February 18, 2015
Dental and skeletal asymmetries, as well as bone defects at the implant site, can interfere with good aesthetic outcomes and thus pose surgical and prosthetic challenges for dentists in clinical cases. In this article, Dr Riccardo Verdecchia (Italy), an experienced dentist with a focus on periodontology, implant dentistry and fixed prosthodontics, describes treatment planning and implant placement in a patient with a vertical fracture of the maxillary left central incisor who showed a number of risk factors that had led to the fracture.
February 6, 2015
In today’s dentistry, for rendering the best comprehensive dental services to our aesthetically driven patients, the paradigm has shifted to an interdisciplinary team of specialists that work together steered by a clinical co-ordinator. This person should be either a multi-competence general dentist or a specialist with additional training outside his or her specialty area. This gives him or her the ability to bring the surgical, orthodontic, restorative and technical teams together as a whole, following treatment sequences customised especially for the patients’ best interests and expectations.
September 13, 2013
In light of the scientific literature concerning the outcome of the endodontic treatment, it doesn’t sound inappropriate that the restoration of the endocoronal complex has to be completed by the endodontist.(1) In this context the following report presents a complete rehabilitation of a second premolar, including retreatment and definitive restoration. Teeth that need retreatment are most often grossly decayed due to caries, fracture and/or previous restoration.
November 2, 2012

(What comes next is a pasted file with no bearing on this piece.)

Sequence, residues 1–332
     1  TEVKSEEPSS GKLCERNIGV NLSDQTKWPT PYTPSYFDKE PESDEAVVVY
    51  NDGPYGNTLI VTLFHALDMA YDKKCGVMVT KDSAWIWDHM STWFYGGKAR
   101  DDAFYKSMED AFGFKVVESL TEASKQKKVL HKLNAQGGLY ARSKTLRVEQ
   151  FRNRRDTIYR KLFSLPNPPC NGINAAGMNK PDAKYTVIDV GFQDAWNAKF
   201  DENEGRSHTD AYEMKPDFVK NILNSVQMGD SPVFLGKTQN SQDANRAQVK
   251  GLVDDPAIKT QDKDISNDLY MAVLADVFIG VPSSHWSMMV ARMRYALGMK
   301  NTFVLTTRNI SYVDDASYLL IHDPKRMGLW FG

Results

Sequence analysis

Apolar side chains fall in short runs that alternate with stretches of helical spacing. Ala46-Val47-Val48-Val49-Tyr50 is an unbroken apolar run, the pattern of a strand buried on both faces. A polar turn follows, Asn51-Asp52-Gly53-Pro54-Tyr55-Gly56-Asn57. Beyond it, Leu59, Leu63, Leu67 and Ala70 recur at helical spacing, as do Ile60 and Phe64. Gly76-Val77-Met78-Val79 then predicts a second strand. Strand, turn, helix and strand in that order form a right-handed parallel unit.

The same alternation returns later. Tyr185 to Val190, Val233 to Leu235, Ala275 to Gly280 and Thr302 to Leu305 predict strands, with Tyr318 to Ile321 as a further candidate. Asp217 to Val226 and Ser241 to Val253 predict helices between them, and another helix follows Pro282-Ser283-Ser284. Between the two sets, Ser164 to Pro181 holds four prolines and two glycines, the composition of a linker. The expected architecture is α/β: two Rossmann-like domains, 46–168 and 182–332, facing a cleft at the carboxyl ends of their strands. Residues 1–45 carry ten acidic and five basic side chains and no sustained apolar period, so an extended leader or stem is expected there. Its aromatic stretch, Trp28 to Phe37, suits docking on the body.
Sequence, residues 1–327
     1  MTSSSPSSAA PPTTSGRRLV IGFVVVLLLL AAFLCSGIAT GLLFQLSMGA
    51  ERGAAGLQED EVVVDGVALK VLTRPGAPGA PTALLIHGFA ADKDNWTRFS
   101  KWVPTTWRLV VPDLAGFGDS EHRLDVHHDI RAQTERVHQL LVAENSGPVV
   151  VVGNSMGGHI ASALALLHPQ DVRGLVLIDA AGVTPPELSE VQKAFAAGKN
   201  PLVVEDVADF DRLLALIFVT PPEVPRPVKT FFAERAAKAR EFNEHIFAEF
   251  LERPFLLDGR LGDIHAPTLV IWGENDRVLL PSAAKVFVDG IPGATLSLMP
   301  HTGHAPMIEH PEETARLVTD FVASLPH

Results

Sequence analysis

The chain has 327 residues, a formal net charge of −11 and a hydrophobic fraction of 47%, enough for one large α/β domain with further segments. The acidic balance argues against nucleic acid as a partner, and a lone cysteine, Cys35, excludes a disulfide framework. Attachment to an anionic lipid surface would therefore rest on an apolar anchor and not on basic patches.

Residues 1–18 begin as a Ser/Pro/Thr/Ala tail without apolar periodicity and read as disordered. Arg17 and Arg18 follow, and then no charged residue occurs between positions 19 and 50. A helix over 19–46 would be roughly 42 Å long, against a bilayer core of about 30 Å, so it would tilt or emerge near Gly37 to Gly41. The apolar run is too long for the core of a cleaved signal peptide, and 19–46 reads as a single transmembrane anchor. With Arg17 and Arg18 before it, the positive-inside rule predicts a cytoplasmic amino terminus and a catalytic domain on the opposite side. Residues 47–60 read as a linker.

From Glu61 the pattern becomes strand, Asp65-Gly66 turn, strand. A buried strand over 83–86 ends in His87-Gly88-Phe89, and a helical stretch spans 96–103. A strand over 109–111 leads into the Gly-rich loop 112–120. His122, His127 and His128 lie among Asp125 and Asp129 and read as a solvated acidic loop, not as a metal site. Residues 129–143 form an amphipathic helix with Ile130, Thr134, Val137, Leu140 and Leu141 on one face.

Plaque control is the cornerstone of the prevention and control of periodontal disease and caries. However, although salivary flow has some limited potential in cleaning debris from interproximal spaces and occlusal pits, it is less effective in removing and/or washing out plaque, and natural cleaning of the dentition by physiological forces—that is movement of the tongue and cheeks—is virtually non-existent.
May 17, 2012
The dental implant and bone graft substitute market is the most rapidly advancing segment of dental technology, and leading competitors in this market must consistently develop new products supported by research from scientific and academic organizations to remain competitive. Recent cases have demonstrated that when companies lose a segment of support from the scientific community, their market shares tend to suffer significantly.
May 31, 2011
Fractured instruments pose a challenge to every endodontist. The difficulty in the retrieval of these instruments ranges from surprisingly easy to downright impossible. The clinical outcome of cases with fractured instruments depends on several factors, such as the position of the instrument in the canal, the type of material, the instrument size and canal anatomy.¹ Failure in retrieval of the fractured instrument does not automatically result in failure of the case.² One can still try to bypass the instrument, choose a surgical approach, or even wait and see. However, if we bear ‘nothing ventured, nothing gained’ in mind, then we should always at least try to retrieve the fractured instrument.